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Math Help - Need Help With a Derivation Involving Universal Quantifiers

  1. #1
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    Need Help With a Derivation Involving Universal Quantifiers

    Hi!

    I'm trying to teach myself logic, using Suppes' Introduction to Logic, which seems to be a great book, but it unfortunately comes without any solutions to the exercises Well, and now I'm stuck with the following exercise:

    "If one man is the father of a second, then the second is not father of the first. Therefore, no man is his own father." (or read it on google; I was able to solve most of them, except 3,4,9, and 10).

    How do you solve that? Any help is greatly appreciated!

    Mirko
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  2. #2
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    This is not a solution, but rather a comment.
    I think that there are much better book that Suppes’ to use to teach oneself logic. I cannot locate my copy, so I cannot lookup that problem.
    You might look into basic texts by I. Copi or M. Resnik.
    Also some of the modern discrete mathematic do a wonderful job with basic logic and set theory.
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  3. #3
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    Oh, you don't need to look for your copy, the book is available from google.

    Ok, I'll see if I can get a book from Copi or Resnik, but in the meantime, I'd like to continue with Suppes, so if anybody has an idea (also for the exercises 4, 9, and 10 in the above-mentioned link)?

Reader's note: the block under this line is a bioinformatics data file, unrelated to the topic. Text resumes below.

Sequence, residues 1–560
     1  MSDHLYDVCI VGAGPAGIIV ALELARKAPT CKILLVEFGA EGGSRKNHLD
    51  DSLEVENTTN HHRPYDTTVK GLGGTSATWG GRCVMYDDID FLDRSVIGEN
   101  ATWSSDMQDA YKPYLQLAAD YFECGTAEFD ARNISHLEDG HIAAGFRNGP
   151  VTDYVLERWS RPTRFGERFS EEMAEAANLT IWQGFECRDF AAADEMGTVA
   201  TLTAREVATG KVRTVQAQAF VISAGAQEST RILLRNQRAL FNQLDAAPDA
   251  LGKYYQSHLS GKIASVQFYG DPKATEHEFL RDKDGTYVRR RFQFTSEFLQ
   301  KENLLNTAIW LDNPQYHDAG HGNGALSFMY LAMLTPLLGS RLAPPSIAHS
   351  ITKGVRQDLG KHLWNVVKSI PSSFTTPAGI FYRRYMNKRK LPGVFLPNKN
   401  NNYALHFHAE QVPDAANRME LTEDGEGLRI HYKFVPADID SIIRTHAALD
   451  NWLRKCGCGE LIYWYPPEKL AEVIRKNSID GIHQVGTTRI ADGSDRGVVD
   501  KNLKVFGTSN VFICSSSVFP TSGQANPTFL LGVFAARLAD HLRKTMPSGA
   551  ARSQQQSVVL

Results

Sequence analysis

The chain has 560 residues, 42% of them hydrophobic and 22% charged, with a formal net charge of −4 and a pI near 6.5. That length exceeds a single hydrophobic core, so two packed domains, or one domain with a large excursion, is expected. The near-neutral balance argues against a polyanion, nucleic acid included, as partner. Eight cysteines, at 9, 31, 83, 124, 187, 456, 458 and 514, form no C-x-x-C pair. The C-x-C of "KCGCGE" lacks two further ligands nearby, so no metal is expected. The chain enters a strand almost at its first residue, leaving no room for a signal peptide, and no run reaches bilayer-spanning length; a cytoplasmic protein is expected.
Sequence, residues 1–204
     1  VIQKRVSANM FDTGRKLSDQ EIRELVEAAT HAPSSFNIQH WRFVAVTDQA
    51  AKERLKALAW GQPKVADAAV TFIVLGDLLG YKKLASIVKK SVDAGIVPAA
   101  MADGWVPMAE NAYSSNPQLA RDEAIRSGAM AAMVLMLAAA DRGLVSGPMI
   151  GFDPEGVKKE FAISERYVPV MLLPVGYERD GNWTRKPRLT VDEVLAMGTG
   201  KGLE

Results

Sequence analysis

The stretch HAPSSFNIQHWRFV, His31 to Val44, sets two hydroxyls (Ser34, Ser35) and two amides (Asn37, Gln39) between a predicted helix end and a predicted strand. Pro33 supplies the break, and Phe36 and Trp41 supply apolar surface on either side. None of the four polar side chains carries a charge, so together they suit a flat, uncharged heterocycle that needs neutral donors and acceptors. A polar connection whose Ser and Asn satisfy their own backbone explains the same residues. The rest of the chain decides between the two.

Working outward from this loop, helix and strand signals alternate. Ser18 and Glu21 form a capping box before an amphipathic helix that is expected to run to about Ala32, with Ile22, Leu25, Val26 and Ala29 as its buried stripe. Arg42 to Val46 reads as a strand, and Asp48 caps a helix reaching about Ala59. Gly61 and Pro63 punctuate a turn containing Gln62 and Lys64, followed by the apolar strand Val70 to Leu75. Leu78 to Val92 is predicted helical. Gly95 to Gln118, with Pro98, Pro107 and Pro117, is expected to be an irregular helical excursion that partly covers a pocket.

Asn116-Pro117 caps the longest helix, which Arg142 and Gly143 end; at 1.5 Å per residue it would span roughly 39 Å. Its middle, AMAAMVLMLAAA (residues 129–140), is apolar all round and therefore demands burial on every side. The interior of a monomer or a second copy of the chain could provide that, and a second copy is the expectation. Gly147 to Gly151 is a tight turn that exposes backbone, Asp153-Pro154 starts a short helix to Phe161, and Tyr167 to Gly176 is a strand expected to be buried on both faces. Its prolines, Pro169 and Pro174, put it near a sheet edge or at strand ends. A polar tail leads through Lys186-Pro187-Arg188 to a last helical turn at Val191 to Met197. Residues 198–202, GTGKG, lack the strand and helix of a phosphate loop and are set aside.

Thanks again!

    Mirko
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  4. #4
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    I don't understand what you're asked to "solve" ?

    If you have to write a formula using quantifiers, there's something that may be useful :
    - use \forall if there is an implication ("then")
    - use \exists if there is a condition, that is to say, for example, " \exists x such that condition1 and condition2 and etc..."
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  5. #5
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    Quote Originally Posted by mirko View Post
    Hi!

    I'm trying to teach myself logic, using Suppes' Introduction to Logic, which seems to be a great book, but it unfortunately comes without any solutions to the exercises Well, and now I'm stuck with the following exercise:

    "If one man is the father of a second, then the second is not father of the first. Therefore, no man is his own father." (or read it on google; I was able to solve most of them, except 3,4,9, and 10).

    How do you solve that? Any help is greatly appreciated!

    Mirko
    The argument looks something like this:

    (x)(y)[Fxy -> ~Fyx] |= ~(Ex)[Fxx]

    Basically, it claims that the single premiss entails the conclusion.

    Loose derivation:

    Assume (Ex)[Fxx] (the negation of the conclusion)
    Strip (Ex) and introduce temporary constant say, a. Why?
    Now we have Faa.
    Successively strip (x) then (y) in premiss.
    We're free to use a in both cases. Why?